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Defining plunder: SC asked to rule on basic issue

NY public officer who, by himself or in connivance with members of his family, relatives by affinity or consanguinity, business associates, or other persons, amasses, accumulates, or acquires ill-gotten wealth through a combination or series of overt criminal acts as described in Section 1(d) hereof in the aggregate amount or total value of at least fifty million pesos shall be guilty of the crime of plunder…”

This definition in Section 2 of RA 7080, An Act Defining and Penalizing the Crime of Plunder, is at the center of a legal issue raised by the counsel of former President Gloria Macapagal Arroyo in the effort to get the Sandiganbayan to approve her petition for bail.

In its ruling rejecting the petition, the Sandiganbayan pointed out that former President Arroyo signed and thus authorized the release of P357 million for confidential or intelligence funds requested by the Philippine Charity Sweepstakes Office (PCSO).

The former president’s counsel, former Solicitor General Estelito Mendoza, however, stressed that she only signed and thus authorized the release of the funds. There is no evidence that she got even a peso from the P357 million.

“If one does not amass, accumulate, and acquire ill-gotten wealth, there is no plunder,” Mendoza said, quoting the plunder law.

Some opposition quarters have pointed out that this legal issue on what constitutes plunder may be raised in the case of the big amounts released under the Disbursement Acceleration Program (DAP), for which Secretary of Budget and Management Florencio Abad and Undersecretary Mario Relampagos have been charged by the Ombudsman. In one Senate hearing, Secretary Abad, defending himself, said all the DAP fund releases were signed by President Aquino.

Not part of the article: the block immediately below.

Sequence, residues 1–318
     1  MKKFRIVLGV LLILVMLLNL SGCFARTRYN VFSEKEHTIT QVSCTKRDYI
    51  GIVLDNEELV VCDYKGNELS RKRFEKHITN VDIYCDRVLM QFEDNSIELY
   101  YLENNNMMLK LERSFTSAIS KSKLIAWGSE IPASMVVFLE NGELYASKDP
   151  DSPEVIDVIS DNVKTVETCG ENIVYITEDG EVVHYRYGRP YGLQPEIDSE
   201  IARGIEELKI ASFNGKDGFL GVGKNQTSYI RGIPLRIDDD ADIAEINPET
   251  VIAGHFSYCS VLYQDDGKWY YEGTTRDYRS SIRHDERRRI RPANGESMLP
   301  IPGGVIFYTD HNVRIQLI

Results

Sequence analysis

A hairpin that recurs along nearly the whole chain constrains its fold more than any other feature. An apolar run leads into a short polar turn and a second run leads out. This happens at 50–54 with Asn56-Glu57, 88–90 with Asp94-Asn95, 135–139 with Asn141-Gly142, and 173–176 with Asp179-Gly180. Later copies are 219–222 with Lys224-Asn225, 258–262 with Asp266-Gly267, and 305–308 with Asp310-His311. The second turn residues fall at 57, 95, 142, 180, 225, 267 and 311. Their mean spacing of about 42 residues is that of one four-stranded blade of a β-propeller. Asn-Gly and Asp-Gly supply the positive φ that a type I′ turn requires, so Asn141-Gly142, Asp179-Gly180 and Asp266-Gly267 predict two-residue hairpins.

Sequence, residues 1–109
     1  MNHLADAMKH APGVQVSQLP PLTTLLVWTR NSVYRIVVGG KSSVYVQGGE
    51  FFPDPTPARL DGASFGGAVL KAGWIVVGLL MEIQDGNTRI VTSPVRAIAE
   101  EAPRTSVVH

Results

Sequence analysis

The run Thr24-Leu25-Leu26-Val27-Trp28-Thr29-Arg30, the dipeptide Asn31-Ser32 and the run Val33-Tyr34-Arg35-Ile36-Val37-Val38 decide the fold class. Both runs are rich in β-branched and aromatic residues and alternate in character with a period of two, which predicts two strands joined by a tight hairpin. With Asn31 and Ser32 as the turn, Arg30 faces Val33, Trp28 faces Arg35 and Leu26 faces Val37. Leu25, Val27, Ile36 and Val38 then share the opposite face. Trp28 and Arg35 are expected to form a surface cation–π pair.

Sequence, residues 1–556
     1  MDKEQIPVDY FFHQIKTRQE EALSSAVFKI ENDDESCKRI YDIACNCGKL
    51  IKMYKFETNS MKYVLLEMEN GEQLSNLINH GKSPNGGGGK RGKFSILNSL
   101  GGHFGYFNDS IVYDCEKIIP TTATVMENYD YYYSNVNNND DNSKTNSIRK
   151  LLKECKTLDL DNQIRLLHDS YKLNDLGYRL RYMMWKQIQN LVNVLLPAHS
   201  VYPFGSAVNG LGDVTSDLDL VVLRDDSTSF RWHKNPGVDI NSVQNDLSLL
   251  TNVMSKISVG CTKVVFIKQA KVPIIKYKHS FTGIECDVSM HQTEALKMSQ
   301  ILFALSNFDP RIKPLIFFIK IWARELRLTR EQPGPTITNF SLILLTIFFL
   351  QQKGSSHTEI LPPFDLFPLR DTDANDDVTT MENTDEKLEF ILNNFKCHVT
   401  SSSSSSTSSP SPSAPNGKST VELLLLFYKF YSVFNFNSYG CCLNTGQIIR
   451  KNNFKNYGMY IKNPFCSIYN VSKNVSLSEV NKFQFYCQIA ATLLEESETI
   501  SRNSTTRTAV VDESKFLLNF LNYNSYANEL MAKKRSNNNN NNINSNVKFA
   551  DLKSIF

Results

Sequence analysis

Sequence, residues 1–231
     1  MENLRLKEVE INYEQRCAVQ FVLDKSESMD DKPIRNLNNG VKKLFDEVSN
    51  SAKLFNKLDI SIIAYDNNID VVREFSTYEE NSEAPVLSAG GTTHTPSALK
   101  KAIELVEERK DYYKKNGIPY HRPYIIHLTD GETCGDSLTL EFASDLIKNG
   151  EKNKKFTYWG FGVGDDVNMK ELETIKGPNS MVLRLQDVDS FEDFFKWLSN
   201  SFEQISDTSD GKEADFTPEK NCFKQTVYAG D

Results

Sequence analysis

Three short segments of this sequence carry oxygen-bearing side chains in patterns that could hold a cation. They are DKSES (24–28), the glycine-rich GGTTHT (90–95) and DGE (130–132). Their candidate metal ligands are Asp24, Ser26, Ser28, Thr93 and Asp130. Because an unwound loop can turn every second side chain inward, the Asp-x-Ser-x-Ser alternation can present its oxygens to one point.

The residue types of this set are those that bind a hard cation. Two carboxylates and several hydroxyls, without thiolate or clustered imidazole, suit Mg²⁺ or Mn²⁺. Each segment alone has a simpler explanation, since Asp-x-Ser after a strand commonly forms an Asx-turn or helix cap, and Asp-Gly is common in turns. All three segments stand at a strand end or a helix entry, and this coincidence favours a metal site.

The Ombudsman excluded President Aquino from the DAP charges, saying the allegations on DAP fund releases were not impeachable charges. They might be raised if charges are filed later in court during the next administration, but the question raised in the Arroyo bail petition might apply in his case.

There is no evidence that President Aquino benefited from the DAP fund releases; he merely signed and authorized their release. Just as there is no evidence that President Arroyo benefitted from the PCSO fund release; she merely signed and authorized it, according to her counsel.

Counsel Mendoza has now gone to the Supreme Court, charging that the Sandiganbayan, in rejecting Arroyo’s plea for bail because she signed the release, redefined the crime of plunder as it is now expressly provided in RA 7080. The graft court’s action could set a dangerous precedent unless the Supreme Court reverses it, he said.